The goal of the data protection policy is to depict the legal data protection aspects in one summarising document. It can also be used as the basis for statutory data protection inspections, e.g. by the customer within the scope of commissioned processing. This is not only to ensure compliance with the European General Data Protection Regulation (GDPR) and Data protection Act (DPA) 2018 but also to provide proof of compliance.
Hodfords Solutions Ltd is a supplier of software development capabilities & team team augmentation for our clients. We are oftentimes building software which requires us to be a data processor for the duration of the projects. We typically do not own the IP for the software and such are only ever in a data processing position within client relationships.
In our Security & risk management policy document there are detailed policies on; Information Systems Security & remote access control.
Within our role for GDPR in regards to being a data processor we process personal data on behalf of the controller (our clients). Processors act on behalf of the relevant controller and under their authority. We have obligations to follow as the data processor. They are below:
Accountability obligations - You have to keep records and appoint people responsible for data protection
International transfers - The UK’s prohibition on transferring personal data to other people aligns with the EU’s prohibition on transferring personal data to other people. You have to ensure that any transfer outside the UK is approved by the controller and complies with the UK GDPR’s transfer provisions.
Cooperation with supervisory authorities - You are obliged to help the authorities perform their duties by cooperating with them, such as the Information Commissioner’s Office (ICO).
Under GDPR we must have one of 6 legitimate reasons for lawful processing of data. The 6 purposes are below:
Purpose limitation. Processing of personal data must be limited to the legitimate purpose for which that personal data was originally collected from the data subject. This effectively forbids the processing of personal data outside of the legitimate purpose for which the personal data was collected.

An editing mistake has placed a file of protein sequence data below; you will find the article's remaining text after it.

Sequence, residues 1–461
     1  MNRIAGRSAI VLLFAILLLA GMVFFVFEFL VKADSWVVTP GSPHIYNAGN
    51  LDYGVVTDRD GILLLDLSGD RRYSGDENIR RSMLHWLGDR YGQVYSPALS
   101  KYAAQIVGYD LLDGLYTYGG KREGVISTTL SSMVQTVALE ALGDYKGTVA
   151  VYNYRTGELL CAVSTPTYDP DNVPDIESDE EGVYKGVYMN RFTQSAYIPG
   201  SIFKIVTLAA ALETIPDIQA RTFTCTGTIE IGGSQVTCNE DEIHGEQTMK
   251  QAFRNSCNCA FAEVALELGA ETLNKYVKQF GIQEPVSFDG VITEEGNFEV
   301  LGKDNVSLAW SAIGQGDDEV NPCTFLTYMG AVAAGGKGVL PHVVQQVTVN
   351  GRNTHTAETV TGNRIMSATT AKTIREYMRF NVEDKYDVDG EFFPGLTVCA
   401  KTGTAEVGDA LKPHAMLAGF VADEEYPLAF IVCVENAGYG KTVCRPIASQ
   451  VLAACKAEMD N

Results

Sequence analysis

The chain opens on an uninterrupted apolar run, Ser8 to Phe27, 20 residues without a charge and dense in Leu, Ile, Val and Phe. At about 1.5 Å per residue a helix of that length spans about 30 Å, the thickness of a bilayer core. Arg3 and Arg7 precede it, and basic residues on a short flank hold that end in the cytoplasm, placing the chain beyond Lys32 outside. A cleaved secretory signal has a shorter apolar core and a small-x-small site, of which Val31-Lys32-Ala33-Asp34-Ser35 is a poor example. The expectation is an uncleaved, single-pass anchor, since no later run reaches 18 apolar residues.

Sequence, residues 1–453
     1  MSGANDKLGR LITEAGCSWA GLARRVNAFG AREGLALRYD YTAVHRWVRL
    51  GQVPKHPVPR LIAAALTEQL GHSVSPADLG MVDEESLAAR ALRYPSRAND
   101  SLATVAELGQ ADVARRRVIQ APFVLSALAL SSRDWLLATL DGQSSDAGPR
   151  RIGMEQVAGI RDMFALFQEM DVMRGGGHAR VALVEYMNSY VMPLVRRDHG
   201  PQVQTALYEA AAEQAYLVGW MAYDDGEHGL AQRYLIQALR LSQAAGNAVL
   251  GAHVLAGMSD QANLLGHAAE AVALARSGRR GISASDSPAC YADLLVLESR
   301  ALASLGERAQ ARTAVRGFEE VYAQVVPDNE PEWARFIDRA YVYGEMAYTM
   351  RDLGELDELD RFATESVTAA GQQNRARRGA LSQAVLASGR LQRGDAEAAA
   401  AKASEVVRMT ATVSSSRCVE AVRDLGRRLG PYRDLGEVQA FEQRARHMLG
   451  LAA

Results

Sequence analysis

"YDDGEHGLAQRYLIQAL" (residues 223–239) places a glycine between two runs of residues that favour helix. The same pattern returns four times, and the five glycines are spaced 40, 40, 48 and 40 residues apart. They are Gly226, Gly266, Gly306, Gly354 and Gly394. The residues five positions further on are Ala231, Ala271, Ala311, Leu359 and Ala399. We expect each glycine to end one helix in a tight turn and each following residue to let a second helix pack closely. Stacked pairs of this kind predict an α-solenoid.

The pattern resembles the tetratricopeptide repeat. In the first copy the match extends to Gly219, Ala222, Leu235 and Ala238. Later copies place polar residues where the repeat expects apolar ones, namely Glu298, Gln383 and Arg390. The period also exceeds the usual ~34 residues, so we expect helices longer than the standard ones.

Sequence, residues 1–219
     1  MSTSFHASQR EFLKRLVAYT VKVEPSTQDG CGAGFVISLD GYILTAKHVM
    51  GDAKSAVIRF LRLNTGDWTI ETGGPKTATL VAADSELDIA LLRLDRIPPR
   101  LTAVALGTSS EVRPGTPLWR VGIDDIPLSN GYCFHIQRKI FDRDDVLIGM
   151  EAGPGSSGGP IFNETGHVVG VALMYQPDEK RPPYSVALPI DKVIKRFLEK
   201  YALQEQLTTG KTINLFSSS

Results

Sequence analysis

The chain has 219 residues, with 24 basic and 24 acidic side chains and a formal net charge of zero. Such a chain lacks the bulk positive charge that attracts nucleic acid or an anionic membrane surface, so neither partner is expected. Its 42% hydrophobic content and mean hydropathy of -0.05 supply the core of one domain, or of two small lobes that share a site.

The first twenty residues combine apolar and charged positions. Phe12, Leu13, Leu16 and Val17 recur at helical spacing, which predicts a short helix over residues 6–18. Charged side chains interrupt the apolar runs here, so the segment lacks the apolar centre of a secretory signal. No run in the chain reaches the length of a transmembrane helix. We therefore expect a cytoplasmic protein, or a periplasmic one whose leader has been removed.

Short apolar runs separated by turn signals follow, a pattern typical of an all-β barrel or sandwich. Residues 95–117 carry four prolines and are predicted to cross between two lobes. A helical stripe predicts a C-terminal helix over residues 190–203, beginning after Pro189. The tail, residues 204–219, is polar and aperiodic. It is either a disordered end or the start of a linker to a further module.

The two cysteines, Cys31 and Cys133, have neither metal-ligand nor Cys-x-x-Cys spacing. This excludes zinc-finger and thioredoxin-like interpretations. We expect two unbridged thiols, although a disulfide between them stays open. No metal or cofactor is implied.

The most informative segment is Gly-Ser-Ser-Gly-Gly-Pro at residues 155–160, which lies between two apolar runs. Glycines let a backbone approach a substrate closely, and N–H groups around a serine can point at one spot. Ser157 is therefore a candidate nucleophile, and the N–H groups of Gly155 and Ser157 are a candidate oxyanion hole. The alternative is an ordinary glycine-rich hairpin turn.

Data minimisation. When collecting data, only the personal data absolutely required for that purpose may be requested. This means that no data other than what is necessary can be requested, or stored. This is of significance when your company is analysing data. It will be important to limit the analysis of data to a set of anonymised data, or to a set of data for which consent has been obtained or there is a clear legitimate processing purpose.
Accuracy. Personal data of data subjects must always be accurate and kept up to date. This is simple and straightforward, meaning that controllers are asked to ensure that data is kept accurate, and data subjects can update their data when required.
Integrity and confidentiality. Personal data must be processed in a way that ensures appropriate security, including protection against unauthorised or unlawful processing. Also, controllers must ensure that data cannot be modified by unauthorised persons.
Storage limitation. Personal data should be retained only while necessary. That is, personal data should be deleted once the legitimate purpose for which it was collected has been fulfilled. This is not simple, and needs to be determined in line with applicable laws that may sometimes require personal data to be retained for a longer period than the originally envisaged processing purpose.
Fair and transparent. GDPR asks that all personal data processing should be fair; that is, companies do not perform processing that is not legitimate. Also, companies should be transparent regarding the processing of personal data, and inform the data subject in an open and transparent manner. This means that personal data should be processed if, and only if, there is a legitimate purpose for the processing of that personal data. EU GDPR requires companies to practice transparency so that data subjects will be sufficiently informed regarding the processing of their personal data.
Hodfords aims to achieve the highest data protection levels associated with being a data processor. We are committed to continuous improvement of data protection management within the business and will review processes annually.
goals are to be defined and documented. Data protection goals are based on data protection principles and must be individually modified for every company.
Roles and responsibilities
At Hodfords we do not have a DPO as we are a small business and only process data. The designated person who will deal with GDPR & Data protection with Hodfords Solutions Ltd is Charlotte Ford.
Charlotte Ford is responsible for:
Ensuring all employees have read the Security & Data protection policies
Training on GDPR for employees who request it
Ensuring that the work we undertake has a clear & defined Data processor & controller agreement in place
Supplier relationships: Noting regular inspection and evaluation of data processing, especially the efficacy of the implemented technical and organisational measures.